February 24, 2015 Reflecting on Joe Cocker – The voice of a lifetime
Considered one of the UK’s greatest voices, John Robert Cocker, known as “Joe” to his friends and family, passed away on December 22nd, 2014, leaving behind a huge legacy mostly unknown to many. Known for his cover of The Beatles’ “With a Little Help From My Friends,” Leon Russell’s “Delta Lady,” and Billy Preston’s “You Are So Beautiful,” Cocker had a unique way of singing and performing that had never been seen on stage, making him a stand out artist almost immediately. Cocker became one of music history’s most prolific artists, releasing forty albums in his five decade long career.
Born in May of 1944, the gravel-voiced Cocker began his musical pilgrimage as a teenager in his hometown of Sheffield, West Riding of Yorkshire, England, claiming the nickname “Joe”, which at an early age was given to him because of his love for the schoolyard game Cowboy Joe. His brother, who was in a washboard Skiffle band, invited Cocker up on stage during a gig, and this is where his love of music and performing was born. Taking the stage name Vance Arnold, Cocker started his first band, Vance Arnold and the Avengers, but recorded his first of many Beatle’s covers, “I’ll Cry Instead,” as a solo artist. Both the band and the single were a flop, and after a year long hiatus, Cocker joined up with session musician Chris Stainton to form Joe Cocker and the Grease Band. Like many British musicians of his age, many of Joe’s earliest performances consisted of singing covers of American Blues and Soul songs. An early career highlight was getting to open up for The Who in 1968. From the get-go, it was clear that he had a unique voice and approach to the songs he tackled. Combined with his eclectic stage behavior, often flailing about and playing air guitar, Joe Cocker stood out among his contemporaries.
In 1968, Cocker was skyrocketed into the public eye with his recording of “With a Little Help From My Friends” with B.J. Wilson on drums and Jimmy Page on lead guitar. It was the biggest hit of his career, reaching number one on the British charts and thirty five on the American charts, eventually going gold. His version of the tune was used as the theme song for the long-running television show, The Wonder Years. In 1969, Joe and his Grease Band performed at the legendary Woodstock festival. Their performance that day has become iconic and made Joe Cocker a household name. He returned to the scene twenty-five years later to open up Saturday’s events at Woodstock ’94. In 1976, Cocker performed on Saturday Night Live, with the hilarious John Belushi famously doing his impeccable Cocker impersonation by his side.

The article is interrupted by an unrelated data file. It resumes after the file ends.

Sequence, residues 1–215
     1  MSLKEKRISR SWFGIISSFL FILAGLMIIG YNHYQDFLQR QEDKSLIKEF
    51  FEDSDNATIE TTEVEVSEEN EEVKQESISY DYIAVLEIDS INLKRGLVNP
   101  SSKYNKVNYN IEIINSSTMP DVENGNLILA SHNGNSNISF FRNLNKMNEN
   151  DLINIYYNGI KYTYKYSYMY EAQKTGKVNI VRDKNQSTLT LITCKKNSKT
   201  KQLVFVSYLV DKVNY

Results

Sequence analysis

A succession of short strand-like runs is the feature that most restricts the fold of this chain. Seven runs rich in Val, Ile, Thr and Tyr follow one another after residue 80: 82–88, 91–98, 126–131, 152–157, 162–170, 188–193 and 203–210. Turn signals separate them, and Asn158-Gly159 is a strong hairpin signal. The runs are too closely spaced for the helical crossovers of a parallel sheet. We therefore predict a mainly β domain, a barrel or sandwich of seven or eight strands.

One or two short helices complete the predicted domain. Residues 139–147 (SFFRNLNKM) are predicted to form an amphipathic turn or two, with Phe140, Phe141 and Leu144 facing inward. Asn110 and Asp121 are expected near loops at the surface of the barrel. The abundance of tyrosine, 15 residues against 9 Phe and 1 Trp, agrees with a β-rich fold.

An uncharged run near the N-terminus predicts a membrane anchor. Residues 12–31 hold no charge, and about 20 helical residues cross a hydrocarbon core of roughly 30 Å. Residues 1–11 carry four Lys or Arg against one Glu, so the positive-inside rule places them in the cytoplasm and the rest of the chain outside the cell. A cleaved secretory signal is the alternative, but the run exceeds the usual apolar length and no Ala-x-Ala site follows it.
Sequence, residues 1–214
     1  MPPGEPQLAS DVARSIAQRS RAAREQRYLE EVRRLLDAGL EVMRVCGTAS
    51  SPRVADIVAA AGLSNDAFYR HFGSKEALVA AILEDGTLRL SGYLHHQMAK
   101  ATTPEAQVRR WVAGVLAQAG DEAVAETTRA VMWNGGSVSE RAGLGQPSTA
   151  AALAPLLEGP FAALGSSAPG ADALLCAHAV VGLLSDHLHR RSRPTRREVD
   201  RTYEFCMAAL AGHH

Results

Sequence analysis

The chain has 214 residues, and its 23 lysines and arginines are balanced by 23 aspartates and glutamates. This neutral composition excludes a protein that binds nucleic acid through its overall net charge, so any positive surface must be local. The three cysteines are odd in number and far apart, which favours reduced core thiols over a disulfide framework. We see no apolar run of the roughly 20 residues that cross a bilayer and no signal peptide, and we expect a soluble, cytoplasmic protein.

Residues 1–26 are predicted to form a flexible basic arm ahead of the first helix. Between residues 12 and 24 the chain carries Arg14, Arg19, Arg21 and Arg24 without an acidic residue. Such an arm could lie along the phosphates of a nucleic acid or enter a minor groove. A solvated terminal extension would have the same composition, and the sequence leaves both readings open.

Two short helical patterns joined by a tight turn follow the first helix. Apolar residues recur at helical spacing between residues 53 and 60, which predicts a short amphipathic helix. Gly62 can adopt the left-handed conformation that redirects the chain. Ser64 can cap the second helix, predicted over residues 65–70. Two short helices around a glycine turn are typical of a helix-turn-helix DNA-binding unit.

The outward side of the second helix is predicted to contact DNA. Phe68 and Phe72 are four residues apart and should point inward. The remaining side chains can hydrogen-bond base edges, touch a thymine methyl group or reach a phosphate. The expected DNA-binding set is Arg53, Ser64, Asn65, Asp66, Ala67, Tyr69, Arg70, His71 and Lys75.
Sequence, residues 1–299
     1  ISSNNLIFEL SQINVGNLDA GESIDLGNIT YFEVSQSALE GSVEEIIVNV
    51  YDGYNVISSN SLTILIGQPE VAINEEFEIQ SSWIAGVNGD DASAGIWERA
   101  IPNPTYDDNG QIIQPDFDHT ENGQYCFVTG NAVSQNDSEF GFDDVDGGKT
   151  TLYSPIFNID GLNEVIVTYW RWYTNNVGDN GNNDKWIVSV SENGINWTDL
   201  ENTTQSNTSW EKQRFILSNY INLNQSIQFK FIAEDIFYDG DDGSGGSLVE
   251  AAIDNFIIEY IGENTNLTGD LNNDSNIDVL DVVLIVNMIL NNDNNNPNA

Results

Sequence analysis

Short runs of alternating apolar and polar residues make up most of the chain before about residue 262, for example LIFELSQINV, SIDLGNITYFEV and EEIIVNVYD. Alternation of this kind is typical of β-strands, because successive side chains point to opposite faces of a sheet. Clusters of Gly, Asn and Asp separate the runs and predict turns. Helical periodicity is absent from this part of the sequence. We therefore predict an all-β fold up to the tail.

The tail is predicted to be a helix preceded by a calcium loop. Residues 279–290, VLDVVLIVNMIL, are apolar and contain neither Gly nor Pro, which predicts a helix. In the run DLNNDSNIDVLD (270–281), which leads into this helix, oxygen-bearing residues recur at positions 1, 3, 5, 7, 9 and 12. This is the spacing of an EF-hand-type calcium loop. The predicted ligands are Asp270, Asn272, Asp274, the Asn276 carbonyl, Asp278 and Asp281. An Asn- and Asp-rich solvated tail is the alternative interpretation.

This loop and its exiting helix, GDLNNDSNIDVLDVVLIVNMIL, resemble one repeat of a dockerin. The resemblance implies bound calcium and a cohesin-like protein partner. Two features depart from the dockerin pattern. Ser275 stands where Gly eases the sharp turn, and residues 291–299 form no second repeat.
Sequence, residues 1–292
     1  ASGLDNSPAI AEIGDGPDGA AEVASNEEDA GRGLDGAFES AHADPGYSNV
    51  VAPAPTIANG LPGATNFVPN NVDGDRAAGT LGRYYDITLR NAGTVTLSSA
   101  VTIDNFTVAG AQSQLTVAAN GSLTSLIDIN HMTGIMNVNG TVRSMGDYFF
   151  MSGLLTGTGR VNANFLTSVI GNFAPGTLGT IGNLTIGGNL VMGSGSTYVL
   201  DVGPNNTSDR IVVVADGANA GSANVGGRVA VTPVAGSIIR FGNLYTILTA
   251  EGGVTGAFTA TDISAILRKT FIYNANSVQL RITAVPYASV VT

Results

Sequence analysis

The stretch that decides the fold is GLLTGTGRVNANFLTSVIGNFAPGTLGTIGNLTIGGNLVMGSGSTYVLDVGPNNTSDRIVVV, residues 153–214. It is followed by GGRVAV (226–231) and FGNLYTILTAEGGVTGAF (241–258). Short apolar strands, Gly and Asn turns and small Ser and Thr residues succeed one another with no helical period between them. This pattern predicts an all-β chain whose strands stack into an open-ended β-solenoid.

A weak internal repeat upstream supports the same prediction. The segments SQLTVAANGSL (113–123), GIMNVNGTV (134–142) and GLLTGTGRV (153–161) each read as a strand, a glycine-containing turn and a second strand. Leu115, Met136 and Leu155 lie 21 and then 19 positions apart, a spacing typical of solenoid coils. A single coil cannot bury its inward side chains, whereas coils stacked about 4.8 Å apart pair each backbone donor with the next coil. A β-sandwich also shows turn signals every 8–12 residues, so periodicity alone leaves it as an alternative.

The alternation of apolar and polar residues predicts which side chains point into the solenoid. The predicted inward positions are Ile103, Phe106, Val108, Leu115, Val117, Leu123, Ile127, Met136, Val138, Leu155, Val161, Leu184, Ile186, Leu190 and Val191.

Due to an extensive and rigorous touring schedule in the late ’60s and early-to-mid ’70s, Cocker succumbed to exhaustion and encountered problems with addiction. While drug abuse was a battle he waged, his biggest demon was alcohol. This lead to various encounters with the law, most notably in Australia, where he was asked to leave the country after charges were filed against him twice in two days. Over time, Cocker conquered those demons and was eventually forgiven by the Australian government, even being asked to return for more performances. After a long run of touring and talk show stops in 1969, Cocker was unwilling to tour anymore, and dissolved Joe Cocker and the Grease Band. He had contractual obligations to fulfill for an already booked American tour, though, so the idiosyncratic vocalist gathered over thirty other musicians to form Mad Dog & the Englishman. His cover of The Box Tops’ hit “The Letter,” which appeared on their self-titled live album, became his first US Top Ten hit.